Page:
The Pet Poison Hotline, which takes calls from around the country and Canada, noted a 200 percent increase in reported incidents of poisoning in the past five years. Dr. Lori Green, a critical care veterinarian at the San Francisco SPCA Veterinary Hospital, says the clinic treats as many as three dogs a week for symptoms of marijuana toxicity: trembling, vomiting and walking troubles.
Tetrahydrocannabinol, or THC, is the active ingredient in marijuana. THC affects dogs differently than humans, and although not usually fatal, THC poisoning requires medical treatment that can include induced vomiting, intravenous fluids or activated charcoal.
Pot's effect different on dogs
A study published in the Journal of Veterinary Emergency and Critical Care in 2012 reported a correlation between the increase in the number of medical marijuana cardholders and the number of dogs getting poisoned. The study found a fourfold increase in cases seen at two Colorado hospitals over six years. All but two dogs - who ate cannabis butter - survived.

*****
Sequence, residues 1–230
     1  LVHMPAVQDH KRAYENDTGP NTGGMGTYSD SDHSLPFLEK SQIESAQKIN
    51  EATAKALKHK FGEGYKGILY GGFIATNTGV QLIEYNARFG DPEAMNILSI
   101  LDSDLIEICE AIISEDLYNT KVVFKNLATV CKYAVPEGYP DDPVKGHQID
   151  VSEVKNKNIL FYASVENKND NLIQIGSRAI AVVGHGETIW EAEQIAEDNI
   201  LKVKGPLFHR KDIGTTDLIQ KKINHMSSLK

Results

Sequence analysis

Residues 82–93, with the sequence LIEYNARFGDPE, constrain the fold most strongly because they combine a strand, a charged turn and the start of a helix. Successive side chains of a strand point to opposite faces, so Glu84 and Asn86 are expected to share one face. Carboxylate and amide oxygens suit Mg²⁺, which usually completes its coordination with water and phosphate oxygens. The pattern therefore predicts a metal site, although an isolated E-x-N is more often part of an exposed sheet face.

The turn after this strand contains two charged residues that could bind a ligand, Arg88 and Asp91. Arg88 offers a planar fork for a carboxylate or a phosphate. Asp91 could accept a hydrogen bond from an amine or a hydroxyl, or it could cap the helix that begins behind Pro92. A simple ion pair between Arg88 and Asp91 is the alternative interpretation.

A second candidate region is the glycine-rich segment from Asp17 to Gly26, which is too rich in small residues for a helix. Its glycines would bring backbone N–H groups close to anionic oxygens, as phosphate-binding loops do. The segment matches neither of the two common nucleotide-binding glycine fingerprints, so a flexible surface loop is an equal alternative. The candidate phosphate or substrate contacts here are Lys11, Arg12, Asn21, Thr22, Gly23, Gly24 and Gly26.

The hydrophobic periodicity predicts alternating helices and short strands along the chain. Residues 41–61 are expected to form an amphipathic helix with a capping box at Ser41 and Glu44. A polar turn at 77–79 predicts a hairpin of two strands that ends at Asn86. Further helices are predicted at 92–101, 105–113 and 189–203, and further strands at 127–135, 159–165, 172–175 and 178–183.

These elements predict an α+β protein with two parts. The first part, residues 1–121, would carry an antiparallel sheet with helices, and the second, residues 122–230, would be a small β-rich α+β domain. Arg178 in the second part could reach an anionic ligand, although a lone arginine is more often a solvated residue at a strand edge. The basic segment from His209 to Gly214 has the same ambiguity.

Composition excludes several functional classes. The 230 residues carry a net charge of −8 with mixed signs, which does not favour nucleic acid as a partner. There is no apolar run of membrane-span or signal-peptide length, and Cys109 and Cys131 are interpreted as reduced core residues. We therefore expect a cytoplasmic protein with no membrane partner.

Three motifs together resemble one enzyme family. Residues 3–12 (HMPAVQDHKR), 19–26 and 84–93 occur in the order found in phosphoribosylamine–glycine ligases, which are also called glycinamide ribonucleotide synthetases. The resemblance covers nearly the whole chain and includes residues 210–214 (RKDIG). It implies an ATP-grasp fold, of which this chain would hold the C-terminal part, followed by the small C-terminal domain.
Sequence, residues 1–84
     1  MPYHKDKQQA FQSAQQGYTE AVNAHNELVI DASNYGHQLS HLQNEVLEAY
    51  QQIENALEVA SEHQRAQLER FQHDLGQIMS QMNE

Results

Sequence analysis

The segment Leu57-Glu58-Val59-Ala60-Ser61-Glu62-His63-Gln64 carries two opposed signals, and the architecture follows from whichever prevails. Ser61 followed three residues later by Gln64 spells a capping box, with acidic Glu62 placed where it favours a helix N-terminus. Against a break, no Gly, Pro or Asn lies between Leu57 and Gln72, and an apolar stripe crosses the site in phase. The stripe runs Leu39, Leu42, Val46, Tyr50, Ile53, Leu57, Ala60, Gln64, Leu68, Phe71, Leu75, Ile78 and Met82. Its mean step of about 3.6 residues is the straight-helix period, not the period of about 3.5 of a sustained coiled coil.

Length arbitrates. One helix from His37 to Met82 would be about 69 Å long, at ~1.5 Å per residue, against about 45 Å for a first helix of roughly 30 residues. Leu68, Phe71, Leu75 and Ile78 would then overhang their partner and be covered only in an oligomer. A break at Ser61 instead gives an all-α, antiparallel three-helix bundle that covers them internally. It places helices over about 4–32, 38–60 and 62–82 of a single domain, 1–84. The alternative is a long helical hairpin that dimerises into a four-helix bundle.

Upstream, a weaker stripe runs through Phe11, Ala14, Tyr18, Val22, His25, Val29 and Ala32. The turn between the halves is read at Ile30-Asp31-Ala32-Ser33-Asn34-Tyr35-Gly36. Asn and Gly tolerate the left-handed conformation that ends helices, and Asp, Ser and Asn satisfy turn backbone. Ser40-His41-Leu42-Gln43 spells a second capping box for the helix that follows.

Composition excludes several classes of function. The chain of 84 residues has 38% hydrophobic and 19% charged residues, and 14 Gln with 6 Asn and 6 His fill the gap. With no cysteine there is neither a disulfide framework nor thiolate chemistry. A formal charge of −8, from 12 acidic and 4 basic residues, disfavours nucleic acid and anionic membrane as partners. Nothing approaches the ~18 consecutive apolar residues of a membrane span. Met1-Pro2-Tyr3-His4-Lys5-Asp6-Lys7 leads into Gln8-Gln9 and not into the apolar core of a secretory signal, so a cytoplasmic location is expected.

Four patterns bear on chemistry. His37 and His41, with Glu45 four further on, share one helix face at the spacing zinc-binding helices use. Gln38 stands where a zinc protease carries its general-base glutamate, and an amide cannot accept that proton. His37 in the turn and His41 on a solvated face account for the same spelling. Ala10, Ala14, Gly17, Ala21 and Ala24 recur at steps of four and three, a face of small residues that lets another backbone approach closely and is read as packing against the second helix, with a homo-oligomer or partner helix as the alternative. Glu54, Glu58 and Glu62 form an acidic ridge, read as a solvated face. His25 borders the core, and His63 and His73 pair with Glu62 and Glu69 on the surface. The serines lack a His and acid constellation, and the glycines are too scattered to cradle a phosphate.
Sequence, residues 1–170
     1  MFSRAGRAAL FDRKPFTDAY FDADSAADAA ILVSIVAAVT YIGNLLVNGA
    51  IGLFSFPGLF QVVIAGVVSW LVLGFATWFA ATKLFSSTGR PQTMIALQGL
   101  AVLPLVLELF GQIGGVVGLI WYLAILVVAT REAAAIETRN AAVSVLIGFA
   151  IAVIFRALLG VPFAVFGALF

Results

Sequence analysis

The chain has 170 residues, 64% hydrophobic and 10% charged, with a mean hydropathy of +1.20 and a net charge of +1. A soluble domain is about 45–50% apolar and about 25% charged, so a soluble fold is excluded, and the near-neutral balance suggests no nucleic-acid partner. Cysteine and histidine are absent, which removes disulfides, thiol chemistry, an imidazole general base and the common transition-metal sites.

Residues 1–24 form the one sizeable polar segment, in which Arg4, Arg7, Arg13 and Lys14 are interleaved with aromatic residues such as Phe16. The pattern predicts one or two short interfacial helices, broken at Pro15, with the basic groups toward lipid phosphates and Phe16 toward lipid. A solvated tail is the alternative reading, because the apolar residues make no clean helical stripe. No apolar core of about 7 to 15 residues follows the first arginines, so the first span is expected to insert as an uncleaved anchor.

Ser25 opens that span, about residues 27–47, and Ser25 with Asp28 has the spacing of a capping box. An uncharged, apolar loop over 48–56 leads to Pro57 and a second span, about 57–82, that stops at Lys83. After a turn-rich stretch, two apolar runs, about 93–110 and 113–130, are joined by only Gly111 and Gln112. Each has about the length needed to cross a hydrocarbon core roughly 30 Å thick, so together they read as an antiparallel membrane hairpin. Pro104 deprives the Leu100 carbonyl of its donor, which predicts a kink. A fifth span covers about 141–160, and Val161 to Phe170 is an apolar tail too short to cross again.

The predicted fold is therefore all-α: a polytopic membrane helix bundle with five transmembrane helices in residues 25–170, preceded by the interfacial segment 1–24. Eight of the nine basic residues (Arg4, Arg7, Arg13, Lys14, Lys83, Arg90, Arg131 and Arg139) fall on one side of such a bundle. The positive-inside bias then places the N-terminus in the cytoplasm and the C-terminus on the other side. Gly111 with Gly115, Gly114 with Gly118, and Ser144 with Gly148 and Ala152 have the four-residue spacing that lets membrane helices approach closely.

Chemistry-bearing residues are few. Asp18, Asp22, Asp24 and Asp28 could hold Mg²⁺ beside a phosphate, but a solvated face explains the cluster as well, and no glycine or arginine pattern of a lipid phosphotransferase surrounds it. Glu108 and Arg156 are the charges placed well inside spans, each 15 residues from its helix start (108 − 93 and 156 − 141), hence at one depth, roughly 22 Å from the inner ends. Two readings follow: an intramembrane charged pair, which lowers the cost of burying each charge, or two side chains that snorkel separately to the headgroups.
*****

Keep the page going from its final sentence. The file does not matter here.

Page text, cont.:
If only a small amount of marijuana is consumed, dogs may become listless or depressed. Pot affects dogs differently than it does humans, veterinarians say, because dogs don't have liver enzymes to metabolize tetrahydrocannabinol, or THC, the active ingredient in cannabis. At higher doses, marijuana can cause dogs to vomit, lose coordination and bladder control, have tremors, and be nervous and over-reactive. Their body temperature and heart rate may drop.
In extreme cases dogs may suffer seizures or seem unresponsive, but THC poisoning is rarely fatal. Dogs usually recover in 12 to 24 hours, though signs can last up to 72 hours.
View Full Article in:SeattlePI.com